"We are not telling the press anything," Longano said.

Efforts by CityBeat to interview Allen, Piepmeier and Longano were unsuccessful.

The Owensbys give a different account of their meeting with prosecutors. They wanted to stop the proceedings with a mistrial and start over so Hinton could testify. They say Allen promised the Owensbys that if the trial ended in a hung jury, he would re-try Jorg.

"Mike Allen promised he would re-try Jorg and bring in the new witness," says Roger Owensby Sr. "He did not say anything about the breakdown of how the jury might vote. He lied in our face."

Adding to the Owensbys' anger is the fact that they first learned from CityBeat that Hinton wasn't alone; they say Allen never told them there were two witnesses — just as the assistant prosecutors apparently never told the judge.

"We are shocked that there are two," Owensby Sr. says. "All this time, since day two of the trial, we only knew that one person came forward. And now a whole year later to find out that there are two! One can verify each other's story. It goes back to the beginning of the cover-up, that they try to protect these officers for what they did to our son. It hurts. What do they think we are, sub-human or something? It hurts very deeply."

Dead men don't walk
Close viewing of the surveillance tape from the Sunoco store where Owensby died reveals the presence of many more available witnesses, none of them called by prosecutors to testify.

Nov. 7, 2000, was a warm night. The double doors to the Sunoco Mini-Mart were propped open for patrons. One of the four cameras that survey the store is in a position to view the counter, pointing out the front door with the sidewalk in view.

The videotape acquired by CityBeat begins at 7:10 p.m. Roger Owensby Jr. is in line to purchase a soft drink and two cigars. At 7:26 p.m. Jorg is seen walking into view at the front door — his nightstick already in hand. At 7:30 p.m. Owensby walks toward the exit to leave but is stopped by Jorg.

At 7:33 p.m. Owensby sets his drink on the ground and complies with a search that lasts 15 minutes, until 7:48 p.m., when he decides to bolt.

Two credible witnesses are seen in the tape — Saber Jamil Ayyad, part owner of the store, and Wessam Khalil, a clerk. Both had a front-row seat to the stop, the search and the tragedy that ensued. Yet they never got to tell their story in court. They were taken to the Cincinnati Police Criminal Investigations Section (CIS) for multiple interviews by homicide investigators, but the prosecutors never used them.

Ayyad said he witnessed Owensby being searched. In his interview with CIS, he said police officers told him at the store that night that they found nothing.

"Then I seen the officers was talking to this guy," Ayyad said. "Right. They search him and everything, that he got nothing on him."

But a few days later Ayyad saw a news report saying police had found drugs on Owensby. Ayyad told homicide investigators that Owensby was searched and nothing was found. He also stated in the interview that one of the cigars Owensby had purchased fell out of his right pants pocket as officers were searching him.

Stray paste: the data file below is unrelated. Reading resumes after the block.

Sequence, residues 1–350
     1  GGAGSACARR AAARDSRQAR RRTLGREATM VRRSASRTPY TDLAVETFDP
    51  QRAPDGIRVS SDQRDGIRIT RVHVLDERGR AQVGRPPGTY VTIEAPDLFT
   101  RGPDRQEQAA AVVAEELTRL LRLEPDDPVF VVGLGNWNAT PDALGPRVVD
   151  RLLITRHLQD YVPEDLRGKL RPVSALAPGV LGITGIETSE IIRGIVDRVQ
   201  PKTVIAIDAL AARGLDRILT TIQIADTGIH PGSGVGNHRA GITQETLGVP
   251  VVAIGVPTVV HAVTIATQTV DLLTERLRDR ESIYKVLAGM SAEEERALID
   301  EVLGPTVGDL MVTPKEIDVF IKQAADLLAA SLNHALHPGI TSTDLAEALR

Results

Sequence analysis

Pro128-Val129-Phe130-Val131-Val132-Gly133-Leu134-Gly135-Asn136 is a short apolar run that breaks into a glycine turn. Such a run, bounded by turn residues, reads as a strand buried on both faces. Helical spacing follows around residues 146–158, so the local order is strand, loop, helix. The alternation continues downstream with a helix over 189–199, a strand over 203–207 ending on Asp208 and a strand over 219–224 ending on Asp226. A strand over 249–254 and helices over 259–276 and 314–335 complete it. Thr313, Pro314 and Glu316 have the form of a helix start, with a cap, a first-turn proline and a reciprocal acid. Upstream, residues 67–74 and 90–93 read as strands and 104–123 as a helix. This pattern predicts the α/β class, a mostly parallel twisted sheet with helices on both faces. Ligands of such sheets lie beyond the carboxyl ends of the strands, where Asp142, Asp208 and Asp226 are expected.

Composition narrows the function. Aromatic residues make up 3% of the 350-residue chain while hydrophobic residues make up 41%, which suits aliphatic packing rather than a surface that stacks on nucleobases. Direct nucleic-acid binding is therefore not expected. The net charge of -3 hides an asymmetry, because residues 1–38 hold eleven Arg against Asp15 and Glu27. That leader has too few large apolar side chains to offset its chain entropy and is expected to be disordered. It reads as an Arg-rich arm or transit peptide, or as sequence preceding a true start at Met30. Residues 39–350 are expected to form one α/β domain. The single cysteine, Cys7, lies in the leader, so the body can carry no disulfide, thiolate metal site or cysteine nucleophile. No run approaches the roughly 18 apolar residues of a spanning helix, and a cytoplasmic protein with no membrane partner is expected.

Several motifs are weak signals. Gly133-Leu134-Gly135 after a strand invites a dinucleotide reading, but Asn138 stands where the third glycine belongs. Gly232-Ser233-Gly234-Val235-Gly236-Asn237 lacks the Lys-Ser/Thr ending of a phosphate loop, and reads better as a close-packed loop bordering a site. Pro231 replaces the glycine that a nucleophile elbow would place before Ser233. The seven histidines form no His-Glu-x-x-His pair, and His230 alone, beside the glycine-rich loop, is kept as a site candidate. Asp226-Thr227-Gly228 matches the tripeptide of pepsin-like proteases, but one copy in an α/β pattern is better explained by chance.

Ayyad said he could not see Owensby lying on the ground because so many officers had piled on top of him. Owensby did not walk to the police car, Ayyad told investigators; his feet were dragging under him.

Close scrutiny of Ayyad's statement to CIS — released to the Owensby family's attorneys in connection with a wrongful death lawsuit against the city — shows two pages are missing. Prosecutors failed to turn over other evidence, as well, according to attorney Mark Tillar. The attorneys first received copies of the videotapes, for example, from CityBeat. Attorneys also received no audio tapes, in particular the tape of Hinton's statement to CIS.

Ayyad's statements contradict officers' testimony and prosecutors' statements during the trials of Jorg and Caton.

In court, all parties treated Owensby's search as if it were a pat-down — merely touching the outside of Owensby's clothing to check for weapons. During closing arguments in Jorg's trial, Longano referred to the search as a "little bit of a pat-down."

But the search appears to have been anything but "a little bit." The surveillance tape shows the search lasting from 7:33 p.m. to 7:48 p.m. Then police and Owensby run out of camera view. The length of the search, coupled with Ayyad's observation that a cigar fell from Owensby's right pants pocket, indicates the search was anything but "a little bit." It might not even have been legal: Owensby wasn't wanted on any charge and officers had no probable cause that he was committing a crime.

Homicide investigators also interviewed Khalil.

"I seen a bunch of people, a bunch of police officers, on the top of something," Khalil told them. He describes the altercation as "wrestling" and "shoving-wise like pushing, like press him on the ground."

Police reported two rocks of crack cocaine and a bag of marijuana were found on Owensby the night he died, but there is official confusion on that point. On Nov. 18, 2000, The Cincinnati Post quoted Chief Thomas Streicher saying he was unaware of drugs at the scene.

"I don't know what occurred," Streicher told The Post. "This giant mystery just keeps rolling on. If the police submitted it, I don't know what the hell happened. I don't know about the substance or where it came from. This is brand new."